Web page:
Not so sweet dreams
April 19, 2017
Life at Naperville North could be described as a constant balancing act…Between ACT and SAT prep, AP classes, honors classes, sports, and extracurriculars, students at North are always busy and in most cases, stressed. In fact, stress, due to academics or athletics or both, is a common problem at any major achieving high school in the country.
According to a 2007 survey of teachers at the University of Phoenix College of Education, 9th to 12th grade teachers assign an average of 17.5 hours of homework a week. With AP classes, that number could be even higher. Add on a two-hour sports practice or after school club or activity, as well as time for basic daily needs and socializing, and a good night’s sleep for students fades away.
In fact, sleep may be one of the few times that a busy student can relax, slow down, and take the time to rest and recover from a busy day. However, relaxing can be the last thing that comes to students’ minds when they end their night.
Thus, recurring Anxiety Dreams arise. They are so common that many can recall a time when they’ve had one. They show up in our television shows or movies; they are a fact of life. Anxiety dreams can contain almost any setting that connects to a current situation, but many carry the same general thread. Popular situations in anxiety dreams can include teeth falling out, late and naked to class or an important meeting, stuck in an elevator, lost in a hallway or parking garage, and many others, which can symbolize a variety of different stressors in daily life.
As absurd as these situations may seem, they all connect to the inner thoughts and feelings that students encounter frequently. Dreams do serve a valid purpose: they work to process information from the day and rebuild numerous fading memories. From a scientific standpoint, sleep repairs and restores damaged brain tissue. Dreams provide a “safe” place for the mind to make decisions or act in a manner that would usually be unacceptable, as well as work through problems or situations that might be difficult in reality. Calvin Hall, a behavior psychologist studying dreams, wrote many theories in his 1996 work The Meaning of Dreams.
“The images of a dream are the concrete embodiments of the dreamer’s thoughts; these images give visual expression to that which is invisible,” Hall wrote.
Anxiety Dreams occur when the amygdala, a part of the frontal lobe of the brain used for decision making and the processing of emotions, fires adrenaline during the dream. This is what causes the jolt awake or cold sweats, symptoms that can be experienced during the dream or upon waking. Anne Dickenson, a practicing psychologist at Conventions Psychiatry and Counseling in Naperville, notes that patients with pre-existing anxiety conditions or trauma are more likely to experience recurring anxiety dreams.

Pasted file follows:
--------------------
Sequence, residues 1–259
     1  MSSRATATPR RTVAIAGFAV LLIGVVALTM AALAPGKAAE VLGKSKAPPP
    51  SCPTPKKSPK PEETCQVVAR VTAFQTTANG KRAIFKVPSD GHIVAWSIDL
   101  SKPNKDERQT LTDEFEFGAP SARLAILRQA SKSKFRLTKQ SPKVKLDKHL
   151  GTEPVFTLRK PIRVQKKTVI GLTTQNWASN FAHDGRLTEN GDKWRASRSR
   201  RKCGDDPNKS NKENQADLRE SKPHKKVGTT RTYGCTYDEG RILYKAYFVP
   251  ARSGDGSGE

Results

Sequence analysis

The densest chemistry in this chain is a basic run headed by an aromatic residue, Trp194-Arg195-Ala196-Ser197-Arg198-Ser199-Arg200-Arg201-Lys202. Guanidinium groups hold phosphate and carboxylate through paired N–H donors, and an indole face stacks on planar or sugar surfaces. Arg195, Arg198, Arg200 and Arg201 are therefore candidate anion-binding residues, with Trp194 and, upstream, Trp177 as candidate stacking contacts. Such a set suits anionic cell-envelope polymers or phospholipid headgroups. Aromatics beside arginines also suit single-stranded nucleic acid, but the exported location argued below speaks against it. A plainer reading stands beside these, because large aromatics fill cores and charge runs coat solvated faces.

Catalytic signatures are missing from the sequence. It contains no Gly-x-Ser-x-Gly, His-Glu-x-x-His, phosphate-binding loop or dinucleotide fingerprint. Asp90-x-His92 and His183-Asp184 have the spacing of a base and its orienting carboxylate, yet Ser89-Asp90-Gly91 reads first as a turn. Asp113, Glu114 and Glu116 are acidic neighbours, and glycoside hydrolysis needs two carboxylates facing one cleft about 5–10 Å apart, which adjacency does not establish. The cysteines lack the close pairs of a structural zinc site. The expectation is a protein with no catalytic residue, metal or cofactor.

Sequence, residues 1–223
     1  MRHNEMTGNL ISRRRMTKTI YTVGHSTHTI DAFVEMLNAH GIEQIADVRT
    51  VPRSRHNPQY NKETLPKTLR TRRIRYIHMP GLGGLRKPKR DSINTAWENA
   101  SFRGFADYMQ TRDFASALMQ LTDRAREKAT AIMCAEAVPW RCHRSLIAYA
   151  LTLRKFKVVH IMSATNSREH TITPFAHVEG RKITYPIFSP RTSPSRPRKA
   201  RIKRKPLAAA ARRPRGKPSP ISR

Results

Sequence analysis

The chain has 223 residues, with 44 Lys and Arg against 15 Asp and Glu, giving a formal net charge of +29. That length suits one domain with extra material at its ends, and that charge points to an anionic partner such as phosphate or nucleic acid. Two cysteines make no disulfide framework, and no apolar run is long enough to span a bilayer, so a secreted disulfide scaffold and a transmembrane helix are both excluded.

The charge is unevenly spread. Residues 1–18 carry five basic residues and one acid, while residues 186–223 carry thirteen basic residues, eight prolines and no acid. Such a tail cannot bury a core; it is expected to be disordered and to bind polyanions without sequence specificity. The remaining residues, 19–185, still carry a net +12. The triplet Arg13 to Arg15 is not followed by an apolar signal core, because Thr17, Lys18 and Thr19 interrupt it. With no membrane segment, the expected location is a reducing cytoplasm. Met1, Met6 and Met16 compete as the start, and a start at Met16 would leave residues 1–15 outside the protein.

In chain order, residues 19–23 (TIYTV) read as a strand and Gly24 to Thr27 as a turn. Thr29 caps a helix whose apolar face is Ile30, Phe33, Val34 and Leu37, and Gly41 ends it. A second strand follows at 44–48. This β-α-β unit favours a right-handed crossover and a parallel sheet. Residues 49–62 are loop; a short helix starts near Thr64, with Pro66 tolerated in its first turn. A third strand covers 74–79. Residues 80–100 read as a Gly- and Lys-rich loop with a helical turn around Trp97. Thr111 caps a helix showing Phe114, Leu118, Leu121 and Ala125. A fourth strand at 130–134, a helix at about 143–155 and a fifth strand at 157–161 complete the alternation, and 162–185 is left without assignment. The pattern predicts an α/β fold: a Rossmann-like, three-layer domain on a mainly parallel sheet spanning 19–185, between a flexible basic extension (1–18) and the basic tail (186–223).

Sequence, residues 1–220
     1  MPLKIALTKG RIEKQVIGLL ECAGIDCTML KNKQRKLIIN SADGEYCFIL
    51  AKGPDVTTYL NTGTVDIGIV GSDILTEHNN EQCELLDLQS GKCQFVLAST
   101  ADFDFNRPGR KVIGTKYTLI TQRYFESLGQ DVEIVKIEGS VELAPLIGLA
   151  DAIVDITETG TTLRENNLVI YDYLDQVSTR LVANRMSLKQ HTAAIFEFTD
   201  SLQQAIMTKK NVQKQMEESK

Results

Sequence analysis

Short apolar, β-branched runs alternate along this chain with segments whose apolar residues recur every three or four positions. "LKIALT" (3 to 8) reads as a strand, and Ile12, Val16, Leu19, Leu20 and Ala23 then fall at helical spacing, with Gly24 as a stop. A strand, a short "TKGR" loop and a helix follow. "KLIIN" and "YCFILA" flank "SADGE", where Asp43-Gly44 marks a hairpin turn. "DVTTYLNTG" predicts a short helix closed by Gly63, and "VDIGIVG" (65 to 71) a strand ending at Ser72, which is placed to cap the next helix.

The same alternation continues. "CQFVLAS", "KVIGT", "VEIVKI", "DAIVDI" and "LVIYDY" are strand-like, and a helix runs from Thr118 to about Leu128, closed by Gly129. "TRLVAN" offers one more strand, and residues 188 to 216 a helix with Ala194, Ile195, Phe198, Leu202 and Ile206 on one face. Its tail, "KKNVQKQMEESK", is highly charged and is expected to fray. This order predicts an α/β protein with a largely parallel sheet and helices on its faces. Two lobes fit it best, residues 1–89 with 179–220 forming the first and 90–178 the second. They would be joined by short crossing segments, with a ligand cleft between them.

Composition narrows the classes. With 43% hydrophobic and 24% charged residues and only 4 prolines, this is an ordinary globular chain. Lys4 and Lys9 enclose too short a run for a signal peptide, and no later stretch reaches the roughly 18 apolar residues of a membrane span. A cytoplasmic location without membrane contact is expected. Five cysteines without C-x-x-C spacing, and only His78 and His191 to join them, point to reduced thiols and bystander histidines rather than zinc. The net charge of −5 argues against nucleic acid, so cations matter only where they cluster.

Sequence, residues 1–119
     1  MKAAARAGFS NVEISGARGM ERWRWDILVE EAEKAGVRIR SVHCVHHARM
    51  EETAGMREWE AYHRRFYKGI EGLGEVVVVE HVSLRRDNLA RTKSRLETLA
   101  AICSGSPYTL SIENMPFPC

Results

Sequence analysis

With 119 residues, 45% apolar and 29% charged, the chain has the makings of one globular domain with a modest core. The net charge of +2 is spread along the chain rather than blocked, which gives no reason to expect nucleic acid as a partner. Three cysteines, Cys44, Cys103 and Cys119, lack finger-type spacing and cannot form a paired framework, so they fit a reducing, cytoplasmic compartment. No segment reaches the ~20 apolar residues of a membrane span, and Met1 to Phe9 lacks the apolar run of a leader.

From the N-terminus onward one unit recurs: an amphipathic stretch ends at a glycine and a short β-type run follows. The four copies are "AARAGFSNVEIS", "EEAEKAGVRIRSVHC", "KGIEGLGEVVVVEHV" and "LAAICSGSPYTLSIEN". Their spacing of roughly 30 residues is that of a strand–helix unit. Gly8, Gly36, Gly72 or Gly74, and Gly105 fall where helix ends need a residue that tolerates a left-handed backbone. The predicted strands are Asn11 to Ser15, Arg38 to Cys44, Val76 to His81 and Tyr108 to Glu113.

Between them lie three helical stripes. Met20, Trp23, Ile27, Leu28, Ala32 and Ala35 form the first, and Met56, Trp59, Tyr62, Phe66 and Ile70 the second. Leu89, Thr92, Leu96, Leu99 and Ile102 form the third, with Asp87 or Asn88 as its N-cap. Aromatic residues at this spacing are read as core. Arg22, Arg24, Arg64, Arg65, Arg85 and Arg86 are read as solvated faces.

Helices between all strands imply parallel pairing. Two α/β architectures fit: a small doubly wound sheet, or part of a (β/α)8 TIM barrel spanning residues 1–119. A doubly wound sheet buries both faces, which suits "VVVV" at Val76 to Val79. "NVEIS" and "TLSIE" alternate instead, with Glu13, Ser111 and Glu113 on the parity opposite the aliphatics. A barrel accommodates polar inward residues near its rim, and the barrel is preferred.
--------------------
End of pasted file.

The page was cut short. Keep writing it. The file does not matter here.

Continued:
“Ultimately because of the way our brains [work]…and choose what material to pull from memory, we don’t really know what our dreams are going to be,” Dickenson said.
These incidents are not to be confused with nightmares. Rather than a situation of intense distress, Anxiety Dreams are less disturbing and involve more feelings of unease or apprehension about the future.
Alan Scott, an AP Psychology teacher at NNHS, describes these dreams are a manifestation of anxiety that students experience throughout the day.
“I think we definitely live in a culture where there are a lot of stressors for people, but I think one of the major stressors people have is themselves,” said Scott.
Scott also feels the number of students suffering from these dreams is increasing. Stress is becoming a theme in his classroom more frequently now than ever.
“I think the academic pressure is much higher, I think the pressure to go to college is much higher, I think students are doing more outside of school. It is no wonder that students are under more stress and therefore are having more stress dreams,” said Scott.
As for treatments, there is no real way to stop or prevent Anxiety Dreams. There are ways to minimize stress, including exercise, meditation, healthy eating habits, and Rational Emotional Behavior Therapy. Rational Emotional Behavior Therapy, or REBT, teaches individuals to combat irrational or unhealthy thoughts that can subconsciously cause them to doubt or self-sabotage, according to the Albert Ellis Institute. In other words, staying aware of personal thoughts and feelings can create a drastic impact.
“Keeping an eye on your stress overall is a good thing to do…[along with] mood scaling, where you’re paying attention day to day to what your mood is maybe or a 1 to 10 scale and then knowing this might be a good night to do some relaxation before bed,” said Dickenson.
We can never completely end anxiety or anxiety dreams, but we can learn to control our stressors. It is vital that we handle the daily demands of life in a way that pushes us to do better instead of harming us. By becoming a community that better deals with the stress we have from rigorous academics and top achieving sports and activities, we can become a more healthy and prosperous environment for all students. Sweet dreams!
Story reported by Alex Gray and Will Trubshaw
Infographics by Keely Doll and Brandon Morrow